Beethoven: Sämtliche Symphonien/Violinkonzert Box-Set
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Collector’s Edition präsentiert 6 neue Boxen mit den gesammelten Sinfonien von Beethoven und Nielsen, sämtlichen Haydn-Aufnahmen von Pinnock, sowie Klavierkonzerten und Sinfonien von Mozart, Rachmaninoff und Prokofiev. Ein Muss für jeden Klassik-Liebhaber.
Frans Brüggen erzeugt durch eine einmalige Klangfarbe des Orchesters und Raffinesse in seiner Interpretation einzigartige Aufnahmen der gesammelten Sinfonien von Beethoven.
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I got an idea of what he could do with Beethoven when he released a recording on original instruments of Mozart's Symphony 40 with Beethoven's Symphony 1. It was a recording of a concert, complete with applause. That recording of Symphony 1 is in this set, still with applause. Over the next 10-15 years he released further recordings of the symphonies until he had recorded them all. This set is the product of that work.
So here we have a set of the Beethoven symphonies, that was never intended to be a set. Then there are the extras, the decidedly light weight Creatures (Creations) of Prometheus, various overtures, and violin works. The symphonies remain the centerpiece of this set.
Here are some observation:
They share a remarkable consistency of sound. They are recorded closer than Gardiner's set, so you can hear bow slap; the brass players sound like they are sitting next to you. This is a good thing, as this is the most transparent recording of Beethoven I have ever heard.
Brüggen's early forays into conducting featured impeccable phrasing and a lilting sense of line. You see that here when Beethoven is at his most turgid, Brüggen will pick the instruments to receive the emphasis. You never lose the sense of line, or where Beethoven is going.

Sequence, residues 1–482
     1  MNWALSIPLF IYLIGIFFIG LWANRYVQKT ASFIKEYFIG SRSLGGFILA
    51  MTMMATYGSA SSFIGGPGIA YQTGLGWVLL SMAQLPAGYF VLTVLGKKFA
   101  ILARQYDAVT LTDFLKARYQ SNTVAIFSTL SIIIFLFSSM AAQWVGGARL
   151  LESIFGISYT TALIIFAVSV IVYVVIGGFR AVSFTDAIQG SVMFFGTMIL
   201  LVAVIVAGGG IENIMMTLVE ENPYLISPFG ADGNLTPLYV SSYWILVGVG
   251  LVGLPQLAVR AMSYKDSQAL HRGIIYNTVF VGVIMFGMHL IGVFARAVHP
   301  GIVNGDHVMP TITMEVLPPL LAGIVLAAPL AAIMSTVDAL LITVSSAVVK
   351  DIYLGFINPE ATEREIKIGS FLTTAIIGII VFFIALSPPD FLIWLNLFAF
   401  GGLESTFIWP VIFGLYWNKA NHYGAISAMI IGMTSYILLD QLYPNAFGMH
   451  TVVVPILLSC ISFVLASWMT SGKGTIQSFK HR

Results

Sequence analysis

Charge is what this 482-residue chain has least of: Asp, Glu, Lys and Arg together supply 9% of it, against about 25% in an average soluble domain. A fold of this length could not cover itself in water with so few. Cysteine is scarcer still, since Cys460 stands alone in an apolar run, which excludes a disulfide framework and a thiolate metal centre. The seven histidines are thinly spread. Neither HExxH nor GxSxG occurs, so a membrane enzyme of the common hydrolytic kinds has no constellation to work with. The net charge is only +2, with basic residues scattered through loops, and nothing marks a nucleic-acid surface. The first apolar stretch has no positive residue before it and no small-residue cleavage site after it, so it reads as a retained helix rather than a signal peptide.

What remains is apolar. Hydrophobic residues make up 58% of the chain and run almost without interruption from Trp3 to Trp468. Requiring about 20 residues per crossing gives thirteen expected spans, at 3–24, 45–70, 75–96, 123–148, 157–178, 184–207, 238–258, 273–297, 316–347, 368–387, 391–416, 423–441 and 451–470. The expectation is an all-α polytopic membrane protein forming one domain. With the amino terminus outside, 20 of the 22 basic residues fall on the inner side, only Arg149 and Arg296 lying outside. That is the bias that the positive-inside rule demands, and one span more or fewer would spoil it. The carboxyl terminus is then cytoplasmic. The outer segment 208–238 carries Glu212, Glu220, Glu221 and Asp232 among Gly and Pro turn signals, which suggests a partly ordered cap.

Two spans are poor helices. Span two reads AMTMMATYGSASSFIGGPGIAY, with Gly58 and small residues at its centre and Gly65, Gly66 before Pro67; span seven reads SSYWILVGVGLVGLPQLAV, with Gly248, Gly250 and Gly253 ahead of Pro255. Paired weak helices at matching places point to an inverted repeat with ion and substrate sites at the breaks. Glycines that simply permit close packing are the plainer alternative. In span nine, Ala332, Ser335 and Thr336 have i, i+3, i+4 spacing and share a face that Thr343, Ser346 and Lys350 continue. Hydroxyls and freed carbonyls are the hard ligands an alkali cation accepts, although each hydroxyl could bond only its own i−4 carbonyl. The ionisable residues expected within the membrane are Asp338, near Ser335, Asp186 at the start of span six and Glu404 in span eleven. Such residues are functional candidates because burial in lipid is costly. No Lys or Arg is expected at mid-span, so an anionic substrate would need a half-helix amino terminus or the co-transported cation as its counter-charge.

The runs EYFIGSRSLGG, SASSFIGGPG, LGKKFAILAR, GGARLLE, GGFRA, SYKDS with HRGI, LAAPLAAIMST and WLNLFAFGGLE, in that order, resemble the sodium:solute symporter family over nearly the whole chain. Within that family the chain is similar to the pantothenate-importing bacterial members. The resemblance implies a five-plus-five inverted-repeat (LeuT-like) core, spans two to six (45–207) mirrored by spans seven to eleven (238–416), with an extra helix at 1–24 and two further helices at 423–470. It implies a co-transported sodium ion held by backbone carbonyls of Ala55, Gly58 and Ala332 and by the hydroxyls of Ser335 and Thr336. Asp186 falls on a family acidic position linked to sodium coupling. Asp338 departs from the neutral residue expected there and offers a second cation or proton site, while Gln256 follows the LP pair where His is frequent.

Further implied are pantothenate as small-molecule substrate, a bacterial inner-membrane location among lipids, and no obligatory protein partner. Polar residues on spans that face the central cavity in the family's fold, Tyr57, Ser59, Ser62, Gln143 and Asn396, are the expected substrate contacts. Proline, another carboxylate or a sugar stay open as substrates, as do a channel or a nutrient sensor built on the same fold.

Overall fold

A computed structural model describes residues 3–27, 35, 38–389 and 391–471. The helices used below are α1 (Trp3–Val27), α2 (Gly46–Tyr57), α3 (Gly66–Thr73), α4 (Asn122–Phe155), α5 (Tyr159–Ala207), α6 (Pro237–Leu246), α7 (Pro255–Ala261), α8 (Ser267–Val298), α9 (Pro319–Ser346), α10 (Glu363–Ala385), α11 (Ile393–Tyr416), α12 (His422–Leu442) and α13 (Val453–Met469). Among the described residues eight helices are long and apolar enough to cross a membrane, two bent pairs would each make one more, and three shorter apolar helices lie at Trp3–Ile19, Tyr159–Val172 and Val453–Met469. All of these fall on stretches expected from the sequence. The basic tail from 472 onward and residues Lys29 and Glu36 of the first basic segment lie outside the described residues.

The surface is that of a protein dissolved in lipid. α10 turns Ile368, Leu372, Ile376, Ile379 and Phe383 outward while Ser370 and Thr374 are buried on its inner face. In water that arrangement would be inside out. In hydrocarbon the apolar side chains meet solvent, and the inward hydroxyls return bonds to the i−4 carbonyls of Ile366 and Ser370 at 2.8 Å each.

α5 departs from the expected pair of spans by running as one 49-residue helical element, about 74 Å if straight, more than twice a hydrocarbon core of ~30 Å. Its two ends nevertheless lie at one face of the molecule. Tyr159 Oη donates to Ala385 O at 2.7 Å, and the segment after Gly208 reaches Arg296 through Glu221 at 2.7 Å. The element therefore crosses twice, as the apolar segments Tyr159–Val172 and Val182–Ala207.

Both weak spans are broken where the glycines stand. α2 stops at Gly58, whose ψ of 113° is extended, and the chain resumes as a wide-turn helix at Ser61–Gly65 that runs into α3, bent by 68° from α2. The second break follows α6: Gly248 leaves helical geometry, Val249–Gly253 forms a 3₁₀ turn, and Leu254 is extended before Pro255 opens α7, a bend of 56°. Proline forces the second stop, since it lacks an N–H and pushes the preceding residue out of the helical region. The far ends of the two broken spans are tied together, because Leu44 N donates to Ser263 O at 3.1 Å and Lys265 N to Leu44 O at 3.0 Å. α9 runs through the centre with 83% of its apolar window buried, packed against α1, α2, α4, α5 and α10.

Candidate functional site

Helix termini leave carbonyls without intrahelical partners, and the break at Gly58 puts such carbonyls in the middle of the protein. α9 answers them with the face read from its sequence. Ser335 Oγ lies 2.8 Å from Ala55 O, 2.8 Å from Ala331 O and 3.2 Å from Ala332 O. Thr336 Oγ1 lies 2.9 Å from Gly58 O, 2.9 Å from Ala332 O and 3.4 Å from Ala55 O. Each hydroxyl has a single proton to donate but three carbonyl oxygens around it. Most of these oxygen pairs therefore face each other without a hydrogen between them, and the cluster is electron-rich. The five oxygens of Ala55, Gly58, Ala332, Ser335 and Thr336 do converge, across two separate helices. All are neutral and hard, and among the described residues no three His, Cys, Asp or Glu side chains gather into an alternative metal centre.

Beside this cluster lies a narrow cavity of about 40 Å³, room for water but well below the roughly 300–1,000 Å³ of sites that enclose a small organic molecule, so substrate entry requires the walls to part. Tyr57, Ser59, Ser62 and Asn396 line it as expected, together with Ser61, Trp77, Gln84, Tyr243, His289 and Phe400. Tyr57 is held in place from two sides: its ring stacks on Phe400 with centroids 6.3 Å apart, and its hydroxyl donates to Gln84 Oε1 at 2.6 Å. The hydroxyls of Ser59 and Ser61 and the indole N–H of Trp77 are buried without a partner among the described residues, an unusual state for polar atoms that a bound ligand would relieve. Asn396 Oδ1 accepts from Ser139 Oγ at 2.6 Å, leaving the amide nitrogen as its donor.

Brüggen's rendition of the finish of the 8th symphony is instructive in another sense. Many conductors take the finale for the loud hard charging movement that it is, but have a bit of trouble with the endless line of chords that mark the finish. It's hard to know what to do with them. Brüggen maintains tempo, and staccatos or slashes each chord, including the final one. It's the only finish to number 8 that I have found works.
The conductor Sir Thomas Beecham commented on the Scherzo movement of number 7, "What can you do with it? It's like a lot of yaks jumping about."[Wikipedia] Brüggen, working with the Orchestra of the 18th Century, turns them into impalas. Continuing with number 7; when you compare this set to Gardiner's very good original instruments recording, sometimes Gardiner is a little faster, sometimes Brüggen is. In the final movement of 7, Brüggen's rendition is over a minute faster. If the final movement is supposed to have elements of a Bacchanalia, Brüggen achieves the effect, taking advantage of the full range of overtones that original instruments can produce, and always with perfect phrasing.
Brüggen is not a romantic. You see his Baroque roots in his conducting, that combination of expressiveness, articulation and clarity that makes this the most satisfying set of the Beethoven symphonies that I have heard. Brüggen died in August, 2014. He lived a long life, and contributed tremendously to the life of the western musical tradition. The recordings he left behind are his monument.
Bruggen fans will want to hear (or own) both sets of recordings. The 2011 cycle has a somewhat fuller sound with more bass resonance, as well as very good performances; however, more than a few have complained about too much reverberation from the concert hall, as well as the need for better production.
In other words, Bruggen's original cycle still stands up. The sound is clean and concise, the interpretations spot-on. It's like listening to Beethoven's symphonies as the composer might have heard them. Some might be more accustomed to modern versions with bigger orchestras (and Beethoven works well with different-size ensembles). But a smaller orchestra, like the Orchestra of the 18th Century, scales better. And the Classical aesthetic, which values restraint and taste, is closer to Bruggen's strategy.
This cycle isn't flamboyant, and the sound is restrained (as you'd expect from a chamber orchestra in the Classical period). If you're looking for a Beethoven cycle on original instruments, this one may seem unsensational - but precisely that's the point. Classical music, played accurately, is unsensational. Bruggen hits the nail on the head. On repeated listenings, you may come to realize that - at least with this set of pieces - less is more.
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